Students rely on bank of Mum and Dad

Student and parents

Four out of five students constantly worry about money while at university, according to a new study.

The average student in 2014 spends £735 a month but the average maintenance loan only covers £458 of living costs each month, which means students have a shortfall of £277, according to student advice website Save the Student.

Only one in six students has a part-time job, while nearly one in five (18%) rely on their parents to bridge the gap in their spending. However, one in three students feel their parents don't give them enough financial support.

High street banks also play a role in providing student overdrafts, with 12% of those polled using their overdraft facilities.

Universities and wider student funding support just over 10% of students with living costs.

More worrying is the fact that some students turn to credit cards and payday loans for extra money. Some 3% of students would take out a credit card, while 2% of those polled said they would contact a payday loan company.

In a financial emergency, more than a third (37%) of students would turn to their parents for help, while a quarter would go to their bank and one in 10 would ask friends for a loan.

Worries about money has a broader impact on students' welfare, with almost a half claiming that money worries adversely affect their studies and the majority believing it causes their diets to suffer.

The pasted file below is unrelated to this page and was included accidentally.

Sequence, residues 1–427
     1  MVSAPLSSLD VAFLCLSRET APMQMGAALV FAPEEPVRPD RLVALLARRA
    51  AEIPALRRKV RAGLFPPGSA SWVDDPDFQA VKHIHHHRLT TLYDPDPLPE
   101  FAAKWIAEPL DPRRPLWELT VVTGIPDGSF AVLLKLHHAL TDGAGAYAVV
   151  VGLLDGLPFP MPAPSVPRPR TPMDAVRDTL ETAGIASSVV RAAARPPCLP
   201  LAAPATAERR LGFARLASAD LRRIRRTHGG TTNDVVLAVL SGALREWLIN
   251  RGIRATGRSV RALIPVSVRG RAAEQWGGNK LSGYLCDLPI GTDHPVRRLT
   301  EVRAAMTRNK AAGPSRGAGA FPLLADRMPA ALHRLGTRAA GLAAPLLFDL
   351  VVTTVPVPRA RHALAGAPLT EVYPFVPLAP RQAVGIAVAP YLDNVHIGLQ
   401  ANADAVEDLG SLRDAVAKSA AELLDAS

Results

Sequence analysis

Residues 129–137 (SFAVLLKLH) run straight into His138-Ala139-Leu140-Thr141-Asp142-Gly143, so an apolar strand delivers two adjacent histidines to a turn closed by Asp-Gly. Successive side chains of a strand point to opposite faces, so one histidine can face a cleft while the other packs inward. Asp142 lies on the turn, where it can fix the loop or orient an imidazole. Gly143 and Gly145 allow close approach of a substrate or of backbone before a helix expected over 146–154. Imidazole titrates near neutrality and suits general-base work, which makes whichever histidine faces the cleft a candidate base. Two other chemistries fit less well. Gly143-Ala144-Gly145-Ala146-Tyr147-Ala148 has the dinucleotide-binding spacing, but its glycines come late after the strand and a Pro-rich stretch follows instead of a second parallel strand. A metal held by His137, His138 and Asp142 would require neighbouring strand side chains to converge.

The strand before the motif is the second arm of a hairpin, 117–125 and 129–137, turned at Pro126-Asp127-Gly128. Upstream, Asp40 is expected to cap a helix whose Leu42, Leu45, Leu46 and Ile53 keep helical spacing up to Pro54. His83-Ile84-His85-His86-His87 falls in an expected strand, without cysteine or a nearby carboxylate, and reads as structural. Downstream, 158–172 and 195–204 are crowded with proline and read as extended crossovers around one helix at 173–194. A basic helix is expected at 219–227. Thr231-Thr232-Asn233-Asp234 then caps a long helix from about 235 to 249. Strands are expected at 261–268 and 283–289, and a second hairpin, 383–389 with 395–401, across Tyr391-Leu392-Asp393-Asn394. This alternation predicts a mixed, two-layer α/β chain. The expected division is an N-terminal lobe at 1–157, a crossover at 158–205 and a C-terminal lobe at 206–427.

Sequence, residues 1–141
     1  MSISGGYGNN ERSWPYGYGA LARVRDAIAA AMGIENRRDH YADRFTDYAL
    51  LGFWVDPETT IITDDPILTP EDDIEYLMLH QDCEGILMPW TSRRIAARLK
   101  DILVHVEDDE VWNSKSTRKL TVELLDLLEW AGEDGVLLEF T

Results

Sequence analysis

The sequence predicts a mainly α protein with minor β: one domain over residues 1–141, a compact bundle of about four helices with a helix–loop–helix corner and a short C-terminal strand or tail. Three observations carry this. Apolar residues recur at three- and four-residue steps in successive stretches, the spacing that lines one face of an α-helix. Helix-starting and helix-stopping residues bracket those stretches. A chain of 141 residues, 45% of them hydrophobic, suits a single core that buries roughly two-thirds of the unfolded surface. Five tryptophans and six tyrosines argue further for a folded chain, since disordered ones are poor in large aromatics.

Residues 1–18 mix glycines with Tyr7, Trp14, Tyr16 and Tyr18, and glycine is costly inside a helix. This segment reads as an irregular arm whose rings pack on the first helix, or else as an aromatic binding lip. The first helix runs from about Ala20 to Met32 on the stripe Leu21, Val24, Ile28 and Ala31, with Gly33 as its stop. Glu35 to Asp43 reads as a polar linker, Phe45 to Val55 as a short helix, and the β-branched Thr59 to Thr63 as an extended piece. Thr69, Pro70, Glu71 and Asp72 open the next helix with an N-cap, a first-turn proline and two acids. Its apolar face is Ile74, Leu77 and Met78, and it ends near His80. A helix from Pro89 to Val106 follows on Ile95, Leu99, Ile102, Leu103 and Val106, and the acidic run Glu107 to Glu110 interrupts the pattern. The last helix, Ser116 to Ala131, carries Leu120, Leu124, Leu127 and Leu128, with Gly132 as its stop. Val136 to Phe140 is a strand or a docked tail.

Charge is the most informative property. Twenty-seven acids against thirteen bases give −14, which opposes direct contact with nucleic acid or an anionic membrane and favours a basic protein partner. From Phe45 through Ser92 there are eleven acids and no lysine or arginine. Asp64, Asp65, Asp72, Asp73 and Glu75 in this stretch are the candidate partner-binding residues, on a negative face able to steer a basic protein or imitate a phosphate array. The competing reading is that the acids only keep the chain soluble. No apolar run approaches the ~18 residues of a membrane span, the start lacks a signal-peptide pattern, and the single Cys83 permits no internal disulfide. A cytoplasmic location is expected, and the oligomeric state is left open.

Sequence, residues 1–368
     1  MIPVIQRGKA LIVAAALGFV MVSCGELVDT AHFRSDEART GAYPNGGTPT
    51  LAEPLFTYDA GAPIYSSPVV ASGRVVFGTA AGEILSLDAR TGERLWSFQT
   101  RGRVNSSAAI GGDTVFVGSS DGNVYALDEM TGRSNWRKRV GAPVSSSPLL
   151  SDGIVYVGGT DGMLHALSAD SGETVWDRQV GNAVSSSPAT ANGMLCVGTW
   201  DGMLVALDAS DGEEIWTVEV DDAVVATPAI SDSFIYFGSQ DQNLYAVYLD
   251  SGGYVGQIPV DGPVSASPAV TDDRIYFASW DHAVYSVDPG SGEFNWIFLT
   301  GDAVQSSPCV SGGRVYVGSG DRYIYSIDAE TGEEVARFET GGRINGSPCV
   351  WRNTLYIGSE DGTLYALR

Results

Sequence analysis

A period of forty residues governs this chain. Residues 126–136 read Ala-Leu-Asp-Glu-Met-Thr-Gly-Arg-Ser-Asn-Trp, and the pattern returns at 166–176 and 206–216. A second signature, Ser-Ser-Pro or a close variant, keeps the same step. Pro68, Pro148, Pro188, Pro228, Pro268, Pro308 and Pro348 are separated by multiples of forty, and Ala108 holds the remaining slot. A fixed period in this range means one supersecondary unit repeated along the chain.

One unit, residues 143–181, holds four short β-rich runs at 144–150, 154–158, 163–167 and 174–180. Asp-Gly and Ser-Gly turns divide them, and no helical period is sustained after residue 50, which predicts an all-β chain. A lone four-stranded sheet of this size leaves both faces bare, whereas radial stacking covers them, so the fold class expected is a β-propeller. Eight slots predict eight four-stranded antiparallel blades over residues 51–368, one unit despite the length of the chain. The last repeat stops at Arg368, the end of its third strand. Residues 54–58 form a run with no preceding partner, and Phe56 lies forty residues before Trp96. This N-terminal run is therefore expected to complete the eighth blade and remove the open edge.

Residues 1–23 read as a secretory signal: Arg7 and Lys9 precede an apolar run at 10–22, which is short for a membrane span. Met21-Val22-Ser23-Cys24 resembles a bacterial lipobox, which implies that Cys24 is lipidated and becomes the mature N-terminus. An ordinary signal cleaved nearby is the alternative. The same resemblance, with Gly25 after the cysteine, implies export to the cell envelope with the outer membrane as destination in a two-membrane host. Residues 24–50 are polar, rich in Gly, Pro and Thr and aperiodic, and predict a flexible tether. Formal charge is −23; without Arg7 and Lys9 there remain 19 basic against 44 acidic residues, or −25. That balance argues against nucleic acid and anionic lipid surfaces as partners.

Thorny issue

Jake Butler, editor of Save the Student, said: "It's a thorny issue of how much parents should contribute to the shortfall, and it entirely depends on individual circumstances. Ultimately I don't believe parents should have the expectation put upon them.

"However, with hearing daily horror stories of students living on the breadline, I feel it's still important that parents are made more aware of the situation their child at university may be in."

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I’ve no doubt that a large percentage of payday loan customers don’t have too much complaint – people aren’t stupid, and the costs of payday lending are common knowledge…. I expect Wonga to enter the English language any time now, in a similar way to McJob. Take the money, pay it back, moan about how much it cost, repeat.


But what does this poor excuse for ‘research’ actually tell us? The fact that customers were treated “with dignity and respect” is meaningless. How is that defined? It can mean completely different things to a customer or a regulator and I suspect the ambiguity in the question is deliberate. Of course payday lenders treat you with dignity and respect when you’re borrowing from them… that’s just basic customer service. If they didn’t, people would just use a different payday lender.